But here it is necessary to distinguish between natural liberty and statutory liberty. An individual who, like McKinney before his arrests, is at large in society is in possession of his natural liberty, and if the state locks him up, whether in a prison or a mental hospital or anywhere else, it is depriving him of liberty within the meaning of the Fourteenth Amendment, and may not do so without due process of law. The arrests deprived McKinney of his natural liberty, though not without due process. But a state can if it wants confer extra liberties which the due process clause will then also protect against deprivations without due process. This principle is established by a series of cases which hold that if a state gives prisoners (whose natural liberty has been suspended) a form of liberty, as by entitling them to release before the end of their terms if they behave themselves for a prescribed period, the state may not deprive them of that liberty, any more than it may deprive a person of his natural liberty, without due process of law. See Hewitt v. Helms, ___ U.S. ___, 103 S.Ct. 864, 871, 74 L.Ed.2d 675 (1983); Vitek v. Jones, 445 U.S. 480, 489-90, 100 S.Ct. 1254, 1261-62, 63 L.Ed.2d 552 (1980); Wolff v. McDonnell, 418 U.S. 539, 94 S.Ct. 2963, 41 L.Ed.2d 935 (1974); Johnson v. Brelje, 701 F.2d 1201, 1205-06 (7th Cir. 1983). Vitek, for example, held that where a state prisoner had a right under state law not to be transferred from the prison to a mental hospital unless certain criteria were met, the violation of that right was a deprivation of liberty under the Fourteenth Amendment. In reliance on these cases McKinney argues that in denying police officers the authority to seize without either a petition or personal observation a person suspected of being deranged, the Illinois legislature intended to enlarge the natural liberty of Illinoisans — to give them a right amounting to a liberty to remain at large unless the requirements of the statute are satisfied. We may assume that the statute indeed created a right under state law. But "a state created procedural right is not itself a liberty interest within the meaning of the Fourteenth Amendment," Shango v. Jurich, 681 F.2d 1091, 1101 (7th Cir. 1982), and that is all we find here. The Illinois statute evinces no intention to enlarge the natural liberty of dangerous insane persons. Indeed, as we have said, the legislature's failure expressly to authorize the police to act as they did here appears to have been an oversight.
This concludes our discussion of the police officers' liability and we turn to Chicago Read Mental Health Center and its two employees Shore and Griffin. McKinney contends that Shore, the admitting nurse, should have realized that the petition for commitment was deficient under state law (for example in containing hearsay rather than the petitioner's personal observations) and that Griffin, the head of the ward, knew not only that the petition was deficient but that McKinney had not been examined by a second psychiatrist within the time required by state law in involuntary commitment cases. Even if all this is true, it is quite unclear that either Shore or Griffin was authorized to release McKinney and therefore responsible for his commitment. But, in any event, the only constitutional question is whether it was reasonable to hold McKinney at Read until he was transferred several weeks later to another mental hospital — a transfer that he does not complain of in this suit. The psychiatrist's report, the accuracy of which McKinney does not contest, shows that it was reasonable. The report states, "During his interview with me, [McKinney] was alternatively laughing inappropriately and menacing and threatening me inappropriately. . . . His choice of clothing, and his inability to relate except through threats to other persons are not in themselves reasons to consider him dangerous, but when taken along with the over[t] threatening acts, do make a strong case for the diagnosis of mental illness and for the belief that he will injure others if not treated for the illness." The report goes on to express a "high degree of suspicion that [McKinney] may attempt to retaliate on any neighbors who testify against his wishes in the mental health court," and therefore recommends that McKinney be transferred to "the high security facilities at Chester" mental health center — which was done. Neither the contents of the report nor the propriety of the transfer to a maximum security mental health institution is challenged. The report and transfer between them show that Read and its employees acted reasonably in not releasing McKinney.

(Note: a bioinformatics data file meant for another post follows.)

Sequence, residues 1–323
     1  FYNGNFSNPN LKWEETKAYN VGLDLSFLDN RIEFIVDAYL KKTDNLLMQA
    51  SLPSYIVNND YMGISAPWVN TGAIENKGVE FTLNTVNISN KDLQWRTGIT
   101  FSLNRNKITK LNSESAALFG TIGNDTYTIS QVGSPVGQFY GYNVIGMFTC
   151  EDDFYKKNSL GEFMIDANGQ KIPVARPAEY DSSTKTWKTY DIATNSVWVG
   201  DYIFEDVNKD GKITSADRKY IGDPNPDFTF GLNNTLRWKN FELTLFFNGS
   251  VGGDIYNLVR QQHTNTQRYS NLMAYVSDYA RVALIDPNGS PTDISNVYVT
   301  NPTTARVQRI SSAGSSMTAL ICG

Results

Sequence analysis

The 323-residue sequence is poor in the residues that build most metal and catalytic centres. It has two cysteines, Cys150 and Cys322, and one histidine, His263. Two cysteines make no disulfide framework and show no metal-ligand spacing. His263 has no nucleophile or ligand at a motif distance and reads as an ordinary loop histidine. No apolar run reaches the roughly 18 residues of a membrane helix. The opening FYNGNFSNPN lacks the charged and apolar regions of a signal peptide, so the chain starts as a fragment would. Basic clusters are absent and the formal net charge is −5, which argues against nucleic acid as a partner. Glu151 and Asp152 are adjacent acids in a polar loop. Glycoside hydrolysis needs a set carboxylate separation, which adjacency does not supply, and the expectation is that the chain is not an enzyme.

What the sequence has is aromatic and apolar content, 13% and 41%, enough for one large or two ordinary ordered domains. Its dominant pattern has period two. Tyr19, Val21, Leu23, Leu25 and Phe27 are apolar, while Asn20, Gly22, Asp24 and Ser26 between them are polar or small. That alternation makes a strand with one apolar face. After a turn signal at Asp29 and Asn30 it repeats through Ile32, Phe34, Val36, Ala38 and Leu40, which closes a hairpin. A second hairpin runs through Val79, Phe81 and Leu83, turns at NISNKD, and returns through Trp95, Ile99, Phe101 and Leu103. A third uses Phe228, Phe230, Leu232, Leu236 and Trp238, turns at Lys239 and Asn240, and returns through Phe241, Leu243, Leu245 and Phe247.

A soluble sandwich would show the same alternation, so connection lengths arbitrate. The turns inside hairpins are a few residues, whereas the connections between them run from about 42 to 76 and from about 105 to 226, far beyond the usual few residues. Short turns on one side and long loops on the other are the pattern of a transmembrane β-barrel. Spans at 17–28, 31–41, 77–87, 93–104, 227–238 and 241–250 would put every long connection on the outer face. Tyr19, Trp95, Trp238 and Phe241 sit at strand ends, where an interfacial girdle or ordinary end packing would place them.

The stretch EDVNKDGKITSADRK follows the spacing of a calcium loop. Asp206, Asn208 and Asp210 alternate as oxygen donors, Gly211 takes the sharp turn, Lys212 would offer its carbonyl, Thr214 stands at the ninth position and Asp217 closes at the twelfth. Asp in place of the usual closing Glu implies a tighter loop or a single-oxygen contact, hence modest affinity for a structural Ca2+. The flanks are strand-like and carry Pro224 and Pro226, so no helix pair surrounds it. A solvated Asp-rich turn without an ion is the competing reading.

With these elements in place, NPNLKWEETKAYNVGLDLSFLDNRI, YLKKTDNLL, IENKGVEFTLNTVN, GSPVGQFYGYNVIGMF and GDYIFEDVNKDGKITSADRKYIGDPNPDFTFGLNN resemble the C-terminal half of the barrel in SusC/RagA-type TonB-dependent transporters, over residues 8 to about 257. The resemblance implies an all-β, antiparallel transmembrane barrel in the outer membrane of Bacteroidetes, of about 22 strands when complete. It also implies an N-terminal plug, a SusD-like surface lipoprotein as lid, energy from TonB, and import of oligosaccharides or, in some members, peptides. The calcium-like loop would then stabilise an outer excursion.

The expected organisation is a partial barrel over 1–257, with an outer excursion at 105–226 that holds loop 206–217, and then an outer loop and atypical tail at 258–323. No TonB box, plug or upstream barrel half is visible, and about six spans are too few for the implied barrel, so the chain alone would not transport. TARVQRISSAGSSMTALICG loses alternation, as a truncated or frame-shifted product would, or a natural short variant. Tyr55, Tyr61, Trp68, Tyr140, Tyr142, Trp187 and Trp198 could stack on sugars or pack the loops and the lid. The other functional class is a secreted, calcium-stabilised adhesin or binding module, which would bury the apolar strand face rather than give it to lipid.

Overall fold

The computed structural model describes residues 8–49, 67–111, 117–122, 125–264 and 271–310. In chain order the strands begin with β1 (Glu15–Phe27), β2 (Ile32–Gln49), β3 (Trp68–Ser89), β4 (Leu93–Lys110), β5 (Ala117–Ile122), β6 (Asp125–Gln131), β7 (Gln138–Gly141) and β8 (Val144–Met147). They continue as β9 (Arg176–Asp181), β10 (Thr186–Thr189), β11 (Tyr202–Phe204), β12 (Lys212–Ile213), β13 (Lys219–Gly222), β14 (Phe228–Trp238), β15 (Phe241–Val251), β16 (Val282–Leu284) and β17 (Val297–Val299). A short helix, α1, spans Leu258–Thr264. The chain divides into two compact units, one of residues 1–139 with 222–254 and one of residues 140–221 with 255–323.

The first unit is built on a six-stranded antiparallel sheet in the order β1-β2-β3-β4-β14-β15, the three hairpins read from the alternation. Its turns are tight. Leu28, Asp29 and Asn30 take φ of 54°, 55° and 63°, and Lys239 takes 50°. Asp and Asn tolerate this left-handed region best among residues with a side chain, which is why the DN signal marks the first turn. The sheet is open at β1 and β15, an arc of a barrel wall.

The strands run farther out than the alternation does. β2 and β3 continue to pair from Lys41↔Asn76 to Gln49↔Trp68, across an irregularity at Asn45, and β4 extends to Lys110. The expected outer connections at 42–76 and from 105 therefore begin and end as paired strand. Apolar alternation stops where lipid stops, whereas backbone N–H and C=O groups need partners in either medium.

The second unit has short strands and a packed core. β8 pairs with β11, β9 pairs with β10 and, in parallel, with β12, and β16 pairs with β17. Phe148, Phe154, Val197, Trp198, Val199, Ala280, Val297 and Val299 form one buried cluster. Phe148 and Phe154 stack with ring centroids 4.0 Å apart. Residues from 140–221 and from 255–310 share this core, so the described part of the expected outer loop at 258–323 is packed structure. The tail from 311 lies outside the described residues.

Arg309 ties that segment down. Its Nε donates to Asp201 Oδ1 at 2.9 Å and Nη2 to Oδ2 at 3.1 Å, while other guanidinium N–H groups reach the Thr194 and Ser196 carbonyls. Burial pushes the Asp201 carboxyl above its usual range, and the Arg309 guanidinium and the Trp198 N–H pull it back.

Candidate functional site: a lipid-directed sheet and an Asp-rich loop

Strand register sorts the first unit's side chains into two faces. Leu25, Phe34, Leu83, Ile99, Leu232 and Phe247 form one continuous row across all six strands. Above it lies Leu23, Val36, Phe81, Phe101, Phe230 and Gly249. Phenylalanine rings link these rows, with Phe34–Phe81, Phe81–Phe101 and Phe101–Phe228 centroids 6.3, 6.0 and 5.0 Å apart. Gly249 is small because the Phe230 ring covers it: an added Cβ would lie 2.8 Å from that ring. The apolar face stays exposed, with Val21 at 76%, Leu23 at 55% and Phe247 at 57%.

Since the police officers all acted reasonably in respect to McKinney, we cannot find any basis for imposing liability on the City of Chicago, for McKinney's only theory of municipal liability is that the officers were acting unreasonably, pursuant to municipal policy. And with all of the public defendants out of the case the complaint must also be dismissed against Velma George, a private citizen, as McKinney does not contend that her position as a Democratic precinct captain made her a de facto government official by analogy to the "white primary" cases. See, e.g., Terry v. Adams, 345 U.S. 461, 73 S.Ct. 809, 97 L.Ed. 1152 (1953); Nixon v. Condon, 286 U.S. 73, 52 S.Ct. 484, 76 L.Ed. 984 (1932). As he also concedes that if his federal claims were properly dismissed before trial pendent jurisdiction of his state claims was properly declined, the judgment dismissing the complaint in its entirety against all defendants must be and is